Dunn has opportunities to experience much in the sport that he loves so much. He played professional baseball, taught and coached at the high school level, coached with legendary coach Ron Polk at Georgia Southern and as an assistant with the 1998 United States National Team, and he has continued to teach the game to international players.

In honor of his 1,000th win, the City of DeLand proclaimed February 9, 2007 (opening day) as“Pete Dunn Day.” Later in that same year he was inducted, along with his God-son Chipper Jones, into the Central Florida Sports Hall of Fame.

His vision and hard work helped Stetson build a stadium that quickly garnered acclaim as one of the nation’s finest collegiate facilities. Melching Field at Conrad Park, a$4.5 million stadium jointly built by Stetson University and the City of DeLand, opened on Feb. 12, 1999. The facility once again hosts the Atlantic Sun Conference Baseball Championship, the ninth time the event has been in DeLand in the facilities’ 14 years of existence.

In the years since first getting the chance to lead the baseball program at his alma mater, there have been many personal and professional accomplishments. There have also been opportunities to take his coaching talents elsewhere.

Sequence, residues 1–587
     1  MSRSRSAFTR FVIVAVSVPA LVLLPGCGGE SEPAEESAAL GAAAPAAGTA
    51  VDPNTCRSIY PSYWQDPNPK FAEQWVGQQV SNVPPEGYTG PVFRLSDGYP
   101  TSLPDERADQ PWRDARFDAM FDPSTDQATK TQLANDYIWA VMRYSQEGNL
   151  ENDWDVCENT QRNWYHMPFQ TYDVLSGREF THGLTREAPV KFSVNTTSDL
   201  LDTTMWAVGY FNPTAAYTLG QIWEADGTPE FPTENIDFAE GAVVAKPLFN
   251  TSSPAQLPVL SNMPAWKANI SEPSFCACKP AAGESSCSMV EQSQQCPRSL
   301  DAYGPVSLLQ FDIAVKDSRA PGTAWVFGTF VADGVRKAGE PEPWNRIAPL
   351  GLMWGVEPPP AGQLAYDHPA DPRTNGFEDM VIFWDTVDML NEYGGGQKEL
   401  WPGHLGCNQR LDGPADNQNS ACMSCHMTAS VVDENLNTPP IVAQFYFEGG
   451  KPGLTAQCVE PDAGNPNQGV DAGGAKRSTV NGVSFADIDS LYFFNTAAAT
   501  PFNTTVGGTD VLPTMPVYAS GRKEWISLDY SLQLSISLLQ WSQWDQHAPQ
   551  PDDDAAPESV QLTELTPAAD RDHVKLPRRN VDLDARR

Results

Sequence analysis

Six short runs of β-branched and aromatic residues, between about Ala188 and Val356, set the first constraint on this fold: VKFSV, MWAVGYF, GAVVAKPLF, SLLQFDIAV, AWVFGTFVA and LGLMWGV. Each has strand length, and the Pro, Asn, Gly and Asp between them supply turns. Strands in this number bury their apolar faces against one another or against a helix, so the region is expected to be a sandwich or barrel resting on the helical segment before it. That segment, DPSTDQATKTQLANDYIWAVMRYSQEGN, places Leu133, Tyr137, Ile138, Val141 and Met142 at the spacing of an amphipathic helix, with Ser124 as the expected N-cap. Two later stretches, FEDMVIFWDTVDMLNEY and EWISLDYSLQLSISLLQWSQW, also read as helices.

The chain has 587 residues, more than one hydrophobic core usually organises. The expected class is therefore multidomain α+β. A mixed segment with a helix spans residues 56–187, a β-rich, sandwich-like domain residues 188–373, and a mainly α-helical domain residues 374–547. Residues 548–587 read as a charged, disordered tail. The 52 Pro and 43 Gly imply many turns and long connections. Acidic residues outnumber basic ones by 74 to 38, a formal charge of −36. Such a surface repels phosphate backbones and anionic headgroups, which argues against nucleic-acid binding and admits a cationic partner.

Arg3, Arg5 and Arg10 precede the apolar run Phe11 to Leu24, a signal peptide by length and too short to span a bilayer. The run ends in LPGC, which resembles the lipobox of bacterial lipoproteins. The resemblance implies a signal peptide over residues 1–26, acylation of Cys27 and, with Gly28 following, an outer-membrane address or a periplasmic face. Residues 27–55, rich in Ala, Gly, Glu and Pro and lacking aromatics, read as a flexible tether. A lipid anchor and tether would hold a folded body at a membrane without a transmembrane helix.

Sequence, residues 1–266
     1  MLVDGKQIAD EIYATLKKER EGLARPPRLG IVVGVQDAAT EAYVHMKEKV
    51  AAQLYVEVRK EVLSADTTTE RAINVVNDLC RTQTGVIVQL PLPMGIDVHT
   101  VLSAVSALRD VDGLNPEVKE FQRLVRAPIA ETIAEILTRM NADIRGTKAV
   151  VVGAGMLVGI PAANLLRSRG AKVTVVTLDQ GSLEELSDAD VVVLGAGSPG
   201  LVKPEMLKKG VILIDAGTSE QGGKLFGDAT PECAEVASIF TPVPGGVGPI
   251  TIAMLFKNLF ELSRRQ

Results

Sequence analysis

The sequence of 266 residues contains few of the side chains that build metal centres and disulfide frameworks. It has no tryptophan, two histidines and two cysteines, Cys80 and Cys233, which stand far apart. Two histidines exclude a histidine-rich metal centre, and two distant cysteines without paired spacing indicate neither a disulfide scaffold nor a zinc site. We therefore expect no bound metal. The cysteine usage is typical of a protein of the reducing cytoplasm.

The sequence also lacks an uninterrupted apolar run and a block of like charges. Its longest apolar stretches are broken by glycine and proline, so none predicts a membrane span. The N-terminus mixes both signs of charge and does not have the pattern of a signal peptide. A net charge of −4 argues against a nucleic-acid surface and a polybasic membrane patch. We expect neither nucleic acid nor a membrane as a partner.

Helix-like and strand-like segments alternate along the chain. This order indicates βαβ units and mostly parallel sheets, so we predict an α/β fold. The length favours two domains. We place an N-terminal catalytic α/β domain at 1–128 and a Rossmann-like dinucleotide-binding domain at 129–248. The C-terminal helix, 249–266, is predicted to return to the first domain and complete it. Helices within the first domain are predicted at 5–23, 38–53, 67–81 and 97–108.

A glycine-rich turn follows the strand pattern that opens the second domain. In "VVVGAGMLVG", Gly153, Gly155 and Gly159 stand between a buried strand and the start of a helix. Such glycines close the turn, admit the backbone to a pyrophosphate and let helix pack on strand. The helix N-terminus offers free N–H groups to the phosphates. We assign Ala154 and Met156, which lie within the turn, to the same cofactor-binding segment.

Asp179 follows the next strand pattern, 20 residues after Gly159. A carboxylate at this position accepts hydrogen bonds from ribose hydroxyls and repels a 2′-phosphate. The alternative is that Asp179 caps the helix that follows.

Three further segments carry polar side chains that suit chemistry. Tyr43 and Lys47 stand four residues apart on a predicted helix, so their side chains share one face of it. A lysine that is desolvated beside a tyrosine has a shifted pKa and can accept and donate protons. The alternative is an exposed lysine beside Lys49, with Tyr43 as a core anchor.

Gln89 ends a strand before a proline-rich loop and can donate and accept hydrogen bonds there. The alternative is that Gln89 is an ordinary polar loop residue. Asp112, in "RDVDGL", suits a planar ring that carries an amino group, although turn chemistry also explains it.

“I have had several opportunities to leave,” says Dunn. “It was exciting and nice to be courted other schools, especially by an SEC school. But, it all goes back to the fact that I think this is one of the best spots in the nation to be. Stetson has great geography, great facilities and a very supportive administration.

“For me, the reward has been to be able to be as successful as we have, for as long as we have, at the school that I played at and graduated from. There are not a whole lot of guys who have done that.

“It has been a great ride,” Dunn continues. “There have been a lot of changes, but that is life. I say this in all sincerity, I have been very, very blessed and fortunate that I have been able to surround myself with awfully good people.”

The challenges that come with coaching have also changed over the years, but Dunn says he still relishes the opportunities he has to have an impact on young players.

“One of the things that’s remained constant is that the guys who play on this level still love the game,” says Dunn. “Most of them want to play at the next level, but obviously most don’t get that opportunity. The nice thing is that the players we get here at Stetson are academically oriented, which means their parents have pushed them to be good students as well as good baseball players. You have to be disciplined in order to be a good enough student to get into Stetson and do well.

“I think we get a higher-caliber kid. I’ve always believed we have higher-caliber kids here at Stetson because of the academics.”

Dunn is asked often about how much longer he wants to coach. He has a passion outside of baseball, but his commitment to the Hatters’ baseball program prevents him from spending as much time as he would like on his boat.

“I love to fish,” Dunn says. “I have always said that baseball is my profession and fishing is my passion. One of these days I look forward to my only worry being where I am I going to fish today.”